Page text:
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On the trail of captivating contrasts in Japan

Tim Keller and Adrian Pirlet are Swiss creatives with a passion for capturing the drama of natural landscapes. The pair set off for a life-changing journey, hiking and running through some of Japan’s most magical landscapes. Ditching the itinerary, they instead chose to ‘get lost’ on purpose.


The cities: Tokyo, Osaka, Kyoto

Our Japanese trip started in the cities. We dedicated two full weeks to urban exploration in Tokyo, Osaka, and Kyoto, discovering the traditions and customs that are still to be found between the towering skyscrapers and modern mask of this high-tech nation. Despite navigating an entirely new culture, we felt instantly welcome but were soon ready to explore beyond the limits of these high-intensity urban environments. We rented a car and set off into the vast and diverse natural beauty of Japan. Without a specific plan, we followed our intuition for adventure, ready to seek out tough trails in return for spectacular views and new perspectives.



Mount Shakushiyama

We said goodbye to Tokyo, a city that values precision like our Swiss homeland, but in many other aspects could not be more different. Our next destination was the iconic, sacred Mount Fuji and a mountainous landscape that would feel much more familiar. The drive from Tokyo to Mount Fuji is an easy one of about 95 kilometers, or 59 miles. We arrived at the mountain in the dead of night, and wasted no time. We parked our car in the first spot we found, grabbed our headlamps, and set out on the trail.


It was about 2 a.m. when we began our hike, trusting our headlamps and navigation system in the absence of sunlight. After about three hours of steep climbing, we reached the summit of Mount Shakushiyama and our first view of Mount Fuji. Between the rolling mist and the fabled rising sun, our initial encounter with Fuji-san was truly remarkable. After spending weeks amid the chaos of the cities, our first glimpse of this imposing peak somehow felt like coming home.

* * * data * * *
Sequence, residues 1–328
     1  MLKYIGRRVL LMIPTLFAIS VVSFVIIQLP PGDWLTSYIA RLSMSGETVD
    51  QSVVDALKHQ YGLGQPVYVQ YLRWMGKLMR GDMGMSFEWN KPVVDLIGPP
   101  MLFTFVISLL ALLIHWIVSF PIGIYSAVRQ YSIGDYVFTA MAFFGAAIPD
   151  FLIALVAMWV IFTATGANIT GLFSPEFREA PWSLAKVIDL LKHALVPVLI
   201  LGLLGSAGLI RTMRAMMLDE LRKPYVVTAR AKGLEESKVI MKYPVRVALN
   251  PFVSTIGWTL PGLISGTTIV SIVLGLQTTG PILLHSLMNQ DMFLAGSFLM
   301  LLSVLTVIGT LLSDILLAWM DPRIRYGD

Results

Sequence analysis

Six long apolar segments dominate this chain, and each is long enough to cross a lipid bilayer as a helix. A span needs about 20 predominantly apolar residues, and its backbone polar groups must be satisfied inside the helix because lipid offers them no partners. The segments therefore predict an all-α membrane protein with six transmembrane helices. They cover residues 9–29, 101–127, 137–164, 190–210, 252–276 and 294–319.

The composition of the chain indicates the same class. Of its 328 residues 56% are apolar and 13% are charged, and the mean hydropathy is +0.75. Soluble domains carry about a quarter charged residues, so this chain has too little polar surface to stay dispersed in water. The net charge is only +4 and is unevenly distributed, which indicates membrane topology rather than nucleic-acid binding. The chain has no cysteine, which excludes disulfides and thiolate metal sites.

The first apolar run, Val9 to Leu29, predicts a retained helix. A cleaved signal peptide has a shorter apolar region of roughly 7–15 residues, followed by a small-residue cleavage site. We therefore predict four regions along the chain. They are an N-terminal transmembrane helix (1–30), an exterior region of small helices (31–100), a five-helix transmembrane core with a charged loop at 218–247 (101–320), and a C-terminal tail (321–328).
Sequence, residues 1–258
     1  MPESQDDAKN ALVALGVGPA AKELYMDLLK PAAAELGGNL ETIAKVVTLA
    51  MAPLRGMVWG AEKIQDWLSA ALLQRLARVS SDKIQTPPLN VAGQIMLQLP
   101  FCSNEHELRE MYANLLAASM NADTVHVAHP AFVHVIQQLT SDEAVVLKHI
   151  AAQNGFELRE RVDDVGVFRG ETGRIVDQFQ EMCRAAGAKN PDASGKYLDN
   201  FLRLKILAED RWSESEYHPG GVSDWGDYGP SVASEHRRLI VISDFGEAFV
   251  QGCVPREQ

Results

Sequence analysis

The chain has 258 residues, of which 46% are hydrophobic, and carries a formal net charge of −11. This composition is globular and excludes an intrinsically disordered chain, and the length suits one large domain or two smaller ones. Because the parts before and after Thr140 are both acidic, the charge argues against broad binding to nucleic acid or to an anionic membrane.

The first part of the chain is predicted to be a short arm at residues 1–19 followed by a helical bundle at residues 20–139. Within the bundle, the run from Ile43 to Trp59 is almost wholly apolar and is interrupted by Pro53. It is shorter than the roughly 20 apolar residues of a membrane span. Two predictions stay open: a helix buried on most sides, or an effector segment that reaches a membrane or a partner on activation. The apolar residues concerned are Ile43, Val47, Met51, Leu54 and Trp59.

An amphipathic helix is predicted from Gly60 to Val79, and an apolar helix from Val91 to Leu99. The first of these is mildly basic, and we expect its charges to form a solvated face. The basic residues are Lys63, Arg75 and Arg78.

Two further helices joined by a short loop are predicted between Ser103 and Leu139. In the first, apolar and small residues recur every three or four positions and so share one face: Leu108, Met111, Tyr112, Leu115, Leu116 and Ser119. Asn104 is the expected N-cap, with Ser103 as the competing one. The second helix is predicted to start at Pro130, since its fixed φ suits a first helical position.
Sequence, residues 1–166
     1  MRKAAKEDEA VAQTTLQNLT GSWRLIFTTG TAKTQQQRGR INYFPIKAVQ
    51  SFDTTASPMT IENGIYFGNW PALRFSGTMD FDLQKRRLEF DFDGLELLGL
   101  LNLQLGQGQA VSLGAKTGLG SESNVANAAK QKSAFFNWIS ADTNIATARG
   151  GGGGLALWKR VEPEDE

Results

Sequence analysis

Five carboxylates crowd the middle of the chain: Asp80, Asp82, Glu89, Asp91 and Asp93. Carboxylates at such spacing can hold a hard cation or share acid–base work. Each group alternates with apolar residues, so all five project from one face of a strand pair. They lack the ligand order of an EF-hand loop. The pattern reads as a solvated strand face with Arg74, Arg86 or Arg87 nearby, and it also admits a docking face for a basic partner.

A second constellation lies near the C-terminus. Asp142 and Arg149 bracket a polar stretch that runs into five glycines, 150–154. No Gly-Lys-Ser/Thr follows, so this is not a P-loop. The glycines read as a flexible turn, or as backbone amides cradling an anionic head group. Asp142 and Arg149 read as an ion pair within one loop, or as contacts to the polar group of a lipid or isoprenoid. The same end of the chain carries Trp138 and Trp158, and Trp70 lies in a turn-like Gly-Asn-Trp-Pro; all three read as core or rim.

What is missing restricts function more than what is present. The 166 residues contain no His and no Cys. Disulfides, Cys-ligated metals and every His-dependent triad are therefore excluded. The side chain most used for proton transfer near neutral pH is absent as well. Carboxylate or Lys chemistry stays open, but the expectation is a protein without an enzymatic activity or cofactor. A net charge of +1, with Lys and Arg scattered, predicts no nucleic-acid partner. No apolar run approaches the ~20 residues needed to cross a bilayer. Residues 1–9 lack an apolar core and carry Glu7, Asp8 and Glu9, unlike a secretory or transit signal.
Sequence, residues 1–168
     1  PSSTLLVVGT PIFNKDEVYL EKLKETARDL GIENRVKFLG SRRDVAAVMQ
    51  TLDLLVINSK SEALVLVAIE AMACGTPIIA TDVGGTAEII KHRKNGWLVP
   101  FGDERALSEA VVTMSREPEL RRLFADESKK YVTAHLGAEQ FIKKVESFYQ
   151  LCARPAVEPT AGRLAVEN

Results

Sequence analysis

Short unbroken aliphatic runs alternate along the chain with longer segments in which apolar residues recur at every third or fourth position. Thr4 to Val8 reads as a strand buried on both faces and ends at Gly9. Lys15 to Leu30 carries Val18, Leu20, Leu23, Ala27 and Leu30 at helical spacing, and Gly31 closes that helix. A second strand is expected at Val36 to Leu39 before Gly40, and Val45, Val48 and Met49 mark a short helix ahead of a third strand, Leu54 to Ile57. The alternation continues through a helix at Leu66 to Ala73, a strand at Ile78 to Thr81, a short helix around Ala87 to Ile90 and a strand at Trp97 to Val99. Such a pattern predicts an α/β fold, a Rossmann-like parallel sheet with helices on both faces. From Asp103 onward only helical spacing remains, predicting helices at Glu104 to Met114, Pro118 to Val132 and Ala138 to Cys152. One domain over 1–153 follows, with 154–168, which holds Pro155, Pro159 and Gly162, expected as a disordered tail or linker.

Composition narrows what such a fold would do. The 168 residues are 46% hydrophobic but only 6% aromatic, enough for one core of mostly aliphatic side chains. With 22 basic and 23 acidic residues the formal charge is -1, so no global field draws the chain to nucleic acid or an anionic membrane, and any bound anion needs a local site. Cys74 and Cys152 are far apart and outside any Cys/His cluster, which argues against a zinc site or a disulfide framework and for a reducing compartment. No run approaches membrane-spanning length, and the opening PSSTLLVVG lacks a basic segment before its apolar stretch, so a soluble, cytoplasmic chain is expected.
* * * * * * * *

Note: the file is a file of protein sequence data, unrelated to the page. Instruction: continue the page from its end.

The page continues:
We reveled in the astonishing views offered from Mount Shakushiyama as we caught our breath from our journey up. Though we returned down on the same path, the descent was an entirely new experience in the light of day. We were delighted by the lush natural beauty that emerged from the darkness as the sun rose higher.



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Lake Shōji

After our strenuous morning hike, we were eager to find a serene resting place. The area around the base of Mount Fuji is referred to as the Fuji Five Lakes, after the bodies of water in the area formed by past volcanic eruptions. This area is home to Lake Kawaguchi, Lake Motosu, Lake Sai, Lake Shōji, and Lake Yamanaka. We decided to settle in at Lake Shōji, the smallest of the Five Lakes with more awe-inspiring views of Mount Fuji (and an equally impressive reflection of the volcano on the tranquil waters). Watching the sunset from our new temporary home was the ideal way to finish off our first day at this iconic location. Drifting off to sleep in that setting, steps from glass-like water with views of Japan’s highest peak was surreal and truly special.


We got an early start again the next morning, eager to catch sunrise from one of Mount Fuji’s finest viewpoints. Once again, we navigated the hiking trail in complete darkness, putting every ounce of our trust in our carefully studied maps. And, once again, the magic waiting for us at the top surpassed our expectations. We were bombarded with picturesque sunrise views, unsure of where to look first – which, of course, is one of the best “problems” a traveler can have.


We navigated back the way we came and finished our early morning mission with a dip in Lake Shōji. It was the perfect, refreshing start to our second day in this breathtaking location.


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Mount Hachigatake  (The Japanese Alps)

Because we hadn’t done any research or planning before our trip to the Japanese Alps, we decided to visit the Hakuba Information Center to learn more about the mountain range, which consists of the Hida Mountains, the Kiso Mountains, and the Akaishi Mountains. We opted to escape the valley heat, and chose Mount Hachigatake, which stands adjacent to the better-known Mount Yukikura as our next destination.



It was a short drive to get to our new starting point at Renge Onsen, a hot spring and lodge tucked away high in the mountains. In Japanese, the term “onsen” refers to the natural hot springs, and the facilities, accommodation and culture that has bubbled up around them over centuries. With so much volcanic activity in Japan, there is no shortage of onsen spas to enjoy. The peaceful ambience in these calm oases offer an incredible juxtaposition from the bustling cities we had left behind. At Renge Onsen, we could park our car at the trailhead and be spoiled for choice when it came to routes to trek. Upon arrival, we repacked our backpacks and rested up ready for our longest hike yet – to an overnight stay at the peak.